Central peptidergic neurons are hyperactive during collateral sprouting and inhibition of activity suppresses sprouting. (1/410)

Little is known regarding the effect of chronic changes in neuronal activity on the extent of collateral sprouting by identified CNS neurons. We have investigated the relationship between activity and sprouting in oxytocin (OT) and vasopressin (VP) neurons of the hypothalamic magnocellular neurosecretory system (MNS). Uninjured MNS neurons undergo a robust collateral-sprouting response that restores the axon population of the neural lobe (NL) after a lesion of the contralateral MNS (). Simultaneously, lesioned rats develop chronic urinary hyperosmolality indicative of heightened neurosecretory activity. We therefore tested the hypothesis that sprouting MNS neurons are hyperactive by measuring changes in cell and nuclear diameters, OT and VP mRNA pools, and axonal cytochrome oxidase activity (COX). Each of these measures was significantly elevated during the period of most rapid axonal growth between 1 and 4 weeks after the lesion, confirming that both OT and VP neurons are hyperactive while undergoing collateral sprouting. In a second study the hypothesis that chronic inhibition of neuronal activity would interfere with the sprouting response was tested. Chronic hyponatremia (CH) was induced 3 d before the hypothalamic lesion and sustained for 4 weeks to suppress neurosecretory activity. CH abolished the lesion-induced increases in OT and VP mRNA pools and virtually eliminated measurable COX activity in MNS terminals. Counts of the total number of axon profiles in the NL revealed that CH also prevented axonal sprouting from occurring. These results are consistent with the hypothesis that increased neuronal activity is required for denervation-induced collateral sprouting to occur in the MNS.  (+info)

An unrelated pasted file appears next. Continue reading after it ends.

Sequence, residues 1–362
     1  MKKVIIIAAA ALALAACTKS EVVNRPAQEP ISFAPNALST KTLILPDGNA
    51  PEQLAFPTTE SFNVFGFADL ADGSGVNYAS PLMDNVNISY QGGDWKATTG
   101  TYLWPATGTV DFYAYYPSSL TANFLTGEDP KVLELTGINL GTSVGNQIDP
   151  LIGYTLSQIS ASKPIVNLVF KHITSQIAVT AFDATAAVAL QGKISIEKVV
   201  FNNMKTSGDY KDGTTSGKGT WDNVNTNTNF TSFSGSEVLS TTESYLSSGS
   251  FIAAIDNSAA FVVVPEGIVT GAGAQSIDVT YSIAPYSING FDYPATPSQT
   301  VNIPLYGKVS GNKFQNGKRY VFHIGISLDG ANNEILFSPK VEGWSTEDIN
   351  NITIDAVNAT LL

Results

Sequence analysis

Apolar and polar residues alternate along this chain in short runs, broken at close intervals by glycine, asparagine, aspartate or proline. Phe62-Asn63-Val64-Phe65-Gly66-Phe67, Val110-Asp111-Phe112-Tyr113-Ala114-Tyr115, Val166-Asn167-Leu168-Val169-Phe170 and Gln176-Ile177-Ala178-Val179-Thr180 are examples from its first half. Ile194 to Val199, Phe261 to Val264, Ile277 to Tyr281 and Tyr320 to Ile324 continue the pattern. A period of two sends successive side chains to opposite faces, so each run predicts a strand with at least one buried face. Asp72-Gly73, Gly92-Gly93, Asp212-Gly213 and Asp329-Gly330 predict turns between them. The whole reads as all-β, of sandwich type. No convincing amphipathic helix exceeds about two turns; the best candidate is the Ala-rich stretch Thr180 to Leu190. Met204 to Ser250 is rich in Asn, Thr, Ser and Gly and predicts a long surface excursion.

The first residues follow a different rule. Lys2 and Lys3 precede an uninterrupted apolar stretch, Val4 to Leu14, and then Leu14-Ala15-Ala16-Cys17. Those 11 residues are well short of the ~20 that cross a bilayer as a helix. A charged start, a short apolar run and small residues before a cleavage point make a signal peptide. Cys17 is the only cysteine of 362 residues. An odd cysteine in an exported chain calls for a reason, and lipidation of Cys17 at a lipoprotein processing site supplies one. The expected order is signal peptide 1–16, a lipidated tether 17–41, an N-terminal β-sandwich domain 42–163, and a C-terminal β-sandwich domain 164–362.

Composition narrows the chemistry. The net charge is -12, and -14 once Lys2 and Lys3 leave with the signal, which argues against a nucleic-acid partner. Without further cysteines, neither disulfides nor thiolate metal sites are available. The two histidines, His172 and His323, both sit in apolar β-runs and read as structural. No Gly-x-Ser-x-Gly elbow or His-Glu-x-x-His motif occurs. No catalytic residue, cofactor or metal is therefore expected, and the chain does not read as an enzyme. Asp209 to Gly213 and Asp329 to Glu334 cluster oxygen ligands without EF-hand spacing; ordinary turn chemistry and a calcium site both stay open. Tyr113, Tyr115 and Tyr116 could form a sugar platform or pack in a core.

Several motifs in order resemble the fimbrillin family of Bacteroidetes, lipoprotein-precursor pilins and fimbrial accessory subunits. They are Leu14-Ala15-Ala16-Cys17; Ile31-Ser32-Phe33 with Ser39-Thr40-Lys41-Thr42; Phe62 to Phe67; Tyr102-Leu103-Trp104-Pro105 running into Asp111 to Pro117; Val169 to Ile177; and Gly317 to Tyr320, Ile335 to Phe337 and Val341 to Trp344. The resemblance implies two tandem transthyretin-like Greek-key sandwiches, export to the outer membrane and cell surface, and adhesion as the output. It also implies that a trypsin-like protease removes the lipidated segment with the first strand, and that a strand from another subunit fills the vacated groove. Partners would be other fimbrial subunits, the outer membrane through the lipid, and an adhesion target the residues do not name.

Changes in properties and neurosteroid regulation of GABAergic synapses in the supraoptic nucleus during the mammalian female reproductive cycle. (2/410)